N2 - Human decision makers think categorically when facing a great variety of objects due to their limited information processing capacities. The categorical thinking by Bayesian decision makers is modeled as classifying objects into a small number of categories with respect to their prior probabilities. The classification follows a quantization rule for the prior probabilities. The categorical thinking enables decision makers to handle infinitely many objects but simultaneously causes them to lose precision of prior probabilities and, consequently, of decisions. This chapter considers group decision making by imperfect agents that only knowquantized prior probabilities for use in Bayesian likelihood ratio tests. Global decisions are made by information fusion of local decisions, but information sharing among agents before local decision making is forbidden. The quantization rule of the agents is investigated so as to achieve the minimum mean Bayes risk; optimal quantizers are designed by a novel extension to the Lloyd-Max algorithm. It is proven that agents using identical quantizers are not optimal. Thus diversity in the individual agents' quantizers leads to optimal performance. In addition, for comparison, it is shown how much their performance gets better when information sharing and collaboration among agents before local decision making is allowed.

AB - Human decision makers think categorically when facing a great variety of objects due to their limited information processing capacities. The categorical thinking by Bayesian decision makers is modeled as classifying objects into a small number of categories with respect to their prior probabilities. The classification follows a quantization rule for the prior probabilities. The categorical thinking enables decision makers to handle infinitely many objects but simultaneously causes them to lose precision of prior probabilities and, consequently, of decisions. This chapter considers group decision making by imperfect agents that only knowquantized prior probabilities for use in Bayesian likelihood ratio tests. Global decisions are made by information fusion of local decisions, but information sharing among agents before local decision making is forbidden. The quantization rule of the agents is investigated so as to achieve the minimum mean Bayes risk; optimal quantizers are designed by a novel extension to the Lloyd-Max algorithm. It is proven that agents using identical quantizers are not optimal. Thus diversity in the individual agents' quantizers leads to optimal performance. In addition, for comparison, it is shown how much their performance gets better when information sharing and collaboration among agents before local decision making is allowed.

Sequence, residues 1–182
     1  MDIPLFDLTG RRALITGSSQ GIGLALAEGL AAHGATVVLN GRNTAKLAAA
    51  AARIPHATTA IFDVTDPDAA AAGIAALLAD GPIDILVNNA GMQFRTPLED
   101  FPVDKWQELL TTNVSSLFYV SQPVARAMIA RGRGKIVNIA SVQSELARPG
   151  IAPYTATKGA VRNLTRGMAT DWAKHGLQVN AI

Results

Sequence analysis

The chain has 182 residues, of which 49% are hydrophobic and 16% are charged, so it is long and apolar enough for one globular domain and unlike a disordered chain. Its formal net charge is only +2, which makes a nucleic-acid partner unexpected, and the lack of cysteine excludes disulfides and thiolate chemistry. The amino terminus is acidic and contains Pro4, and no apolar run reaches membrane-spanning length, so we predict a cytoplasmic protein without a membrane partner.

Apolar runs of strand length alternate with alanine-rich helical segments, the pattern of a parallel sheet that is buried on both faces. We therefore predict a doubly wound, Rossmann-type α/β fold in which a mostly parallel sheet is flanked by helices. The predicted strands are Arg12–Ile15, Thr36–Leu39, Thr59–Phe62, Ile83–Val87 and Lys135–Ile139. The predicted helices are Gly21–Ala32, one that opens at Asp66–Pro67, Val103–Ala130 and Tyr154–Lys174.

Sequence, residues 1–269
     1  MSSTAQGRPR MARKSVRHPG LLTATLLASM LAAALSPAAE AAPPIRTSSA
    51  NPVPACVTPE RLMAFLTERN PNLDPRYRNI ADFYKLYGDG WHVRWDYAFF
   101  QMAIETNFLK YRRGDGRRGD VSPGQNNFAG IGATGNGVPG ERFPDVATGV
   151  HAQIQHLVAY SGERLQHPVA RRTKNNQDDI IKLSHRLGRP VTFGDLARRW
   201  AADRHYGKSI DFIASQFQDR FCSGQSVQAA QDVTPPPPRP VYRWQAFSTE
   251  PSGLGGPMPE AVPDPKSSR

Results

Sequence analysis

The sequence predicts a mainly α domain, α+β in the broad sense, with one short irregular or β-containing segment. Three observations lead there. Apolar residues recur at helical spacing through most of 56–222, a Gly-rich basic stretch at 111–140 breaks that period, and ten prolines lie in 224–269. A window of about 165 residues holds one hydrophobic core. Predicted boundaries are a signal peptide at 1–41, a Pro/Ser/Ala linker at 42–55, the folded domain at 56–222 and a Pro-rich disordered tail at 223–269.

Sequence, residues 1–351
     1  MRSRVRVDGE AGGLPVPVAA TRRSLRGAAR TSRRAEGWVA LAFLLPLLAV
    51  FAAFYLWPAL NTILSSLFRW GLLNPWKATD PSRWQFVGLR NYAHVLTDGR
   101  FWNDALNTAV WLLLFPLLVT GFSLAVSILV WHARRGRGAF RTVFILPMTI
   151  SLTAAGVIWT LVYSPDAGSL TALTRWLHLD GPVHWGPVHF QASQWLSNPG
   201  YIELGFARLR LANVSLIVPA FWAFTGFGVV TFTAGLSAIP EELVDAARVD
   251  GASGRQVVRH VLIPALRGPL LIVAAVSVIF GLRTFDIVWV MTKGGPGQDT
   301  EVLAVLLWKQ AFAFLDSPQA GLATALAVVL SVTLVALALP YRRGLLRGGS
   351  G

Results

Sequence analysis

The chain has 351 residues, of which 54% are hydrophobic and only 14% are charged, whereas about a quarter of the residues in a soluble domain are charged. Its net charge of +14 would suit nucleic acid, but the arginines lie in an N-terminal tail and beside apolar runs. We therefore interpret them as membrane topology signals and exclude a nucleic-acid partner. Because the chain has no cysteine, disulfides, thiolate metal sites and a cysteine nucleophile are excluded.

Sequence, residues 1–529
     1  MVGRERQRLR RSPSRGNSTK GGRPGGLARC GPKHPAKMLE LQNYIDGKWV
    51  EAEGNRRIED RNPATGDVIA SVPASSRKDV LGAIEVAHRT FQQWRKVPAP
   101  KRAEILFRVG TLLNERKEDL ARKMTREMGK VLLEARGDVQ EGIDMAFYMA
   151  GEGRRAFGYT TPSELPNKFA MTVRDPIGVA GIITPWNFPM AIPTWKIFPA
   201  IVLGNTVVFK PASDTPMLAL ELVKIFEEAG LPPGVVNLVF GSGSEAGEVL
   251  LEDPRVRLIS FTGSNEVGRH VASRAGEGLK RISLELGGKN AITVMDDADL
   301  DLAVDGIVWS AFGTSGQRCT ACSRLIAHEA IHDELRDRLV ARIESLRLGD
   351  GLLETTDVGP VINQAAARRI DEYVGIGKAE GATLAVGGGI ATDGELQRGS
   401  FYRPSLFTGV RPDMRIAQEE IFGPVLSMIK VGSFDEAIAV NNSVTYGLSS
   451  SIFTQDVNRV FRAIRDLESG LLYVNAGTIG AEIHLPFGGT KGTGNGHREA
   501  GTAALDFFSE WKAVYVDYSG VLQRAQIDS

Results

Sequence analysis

UR - http://www.scopus.com/inward/record.url?scp=84893055068&partnerID=8YFLogxK

UR - http://www.scopus.com/inward/citedby.url?scp=84893055068&partnerID=8YFLogxK

U2 - 10.1007/978-3-642-36406-8_2

DO - 10.1007/978-3-642-36406-8_2

M3 - Chapter

AN - SCOPUS:84893055068

SN - 9783642364051

T3 - Studies in Computational Intelligence

SP - 37

EP - 63

BT - Decision Making and Imperfection

PB - Springer-Verlag

ER -